How Styx Got Their Name

For a time in the 1970s, there was no escaping progressive rock, or "prog rock," as it was sometimes called. Musicians who recorded and performed prog rock — such as Kansas, Yes, and Emerson, Lake and Palmer, among others — wanted to elevate rock 'n' roll from its basic structures into something more elaborate, combining elements of classical and other genres of music, as Prog Archives explains. As a genre, it's mostly niche nowadays, but some of the biggest songs in the history of rock, such as "Carry On, Wayward Son," by Kansas, came from prog rock.

Styx was, at its core, a prog rock band, although at the same time, the band sold out arenas with its anthems and power ballads. This dichotomy between being a group of face-melting rockers and storytelling musical artists helped lead to the band's downfall, but for the better part of a decade, there was no bigger name in rock than Styx (per Louder Sound).

The Tradewinds and TW4

Chicago in the late 1960s and early 1970s was the breeding ground for several acts that would later make it big in rock, including Chicago Transit Authority (later just Chicago). Two suburban brothers, John and Chuck Panozzo, hoped to make it big in rock and started a band they called The Tradewinds, as Louder Sound reports. With John on drums and Chuck on bass, the two men formed the rhythm section, but they still needed a vocalist and guitarist.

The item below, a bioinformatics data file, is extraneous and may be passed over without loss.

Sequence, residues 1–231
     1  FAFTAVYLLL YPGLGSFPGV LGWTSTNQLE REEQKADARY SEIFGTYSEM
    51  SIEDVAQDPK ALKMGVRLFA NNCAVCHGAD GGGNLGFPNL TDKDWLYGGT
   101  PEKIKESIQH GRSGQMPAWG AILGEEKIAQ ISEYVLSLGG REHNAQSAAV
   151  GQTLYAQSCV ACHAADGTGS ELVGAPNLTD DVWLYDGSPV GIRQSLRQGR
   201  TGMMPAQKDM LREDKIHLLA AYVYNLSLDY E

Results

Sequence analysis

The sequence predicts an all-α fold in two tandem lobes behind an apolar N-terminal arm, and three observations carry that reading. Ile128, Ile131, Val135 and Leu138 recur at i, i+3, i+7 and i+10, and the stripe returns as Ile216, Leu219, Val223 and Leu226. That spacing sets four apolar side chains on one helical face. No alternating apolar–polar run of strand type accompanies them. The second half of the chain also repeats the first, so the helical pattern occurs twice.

The brothers eventually brought on Dennis DeYoung, and later learned that another band going by the name The Trade Winds was making it big, so they needed another. They settled on TW4. By this time, the band was getting big performing in clubs, and they began looking for a record label. After solidifying the lineup even further, including by signing James "JY" Young and John Curulewski, the band signed on with Wooden Nickel Records, but their new managers asked for a name change.

The river of the dead

If you're going to have a prog rock band, it doesn't hurt to lean into the mythological, the mystical, and the arcane, both as sources for your lyrics and for the art on your album covers. So, it's a good job the word "Styx" comes from Greek mythology.

As Britannica notes, Styx was the name of one of the underworld's rivers in Greek mythology, a barrier between the living and the dead. Whenever gods swore an oath, they would do so by the river's waters. And, when the hero Achilles was an infant, his mother grasped him by the heel and dipped him in the river's waters, making him immortal, save for in the spot where she held him. Incidentally, it was an arrow to the heel that killed Achilles.

Despite the deep mythical and poetic import contained in the river and the legends surrounding it, it seems that John and Chuck Panozzo, Dennis DeYoung, and the rest of the band only landed on that name because absolutely nothing else was working for them. DeYoung said in an interview with Circus Magazine in 1979 that the name Styx came up in the discussion of names, and they kept it because "it was one of the hundred names we tried, and it turned out to be the only one that none of us hated," (via Great Oldies).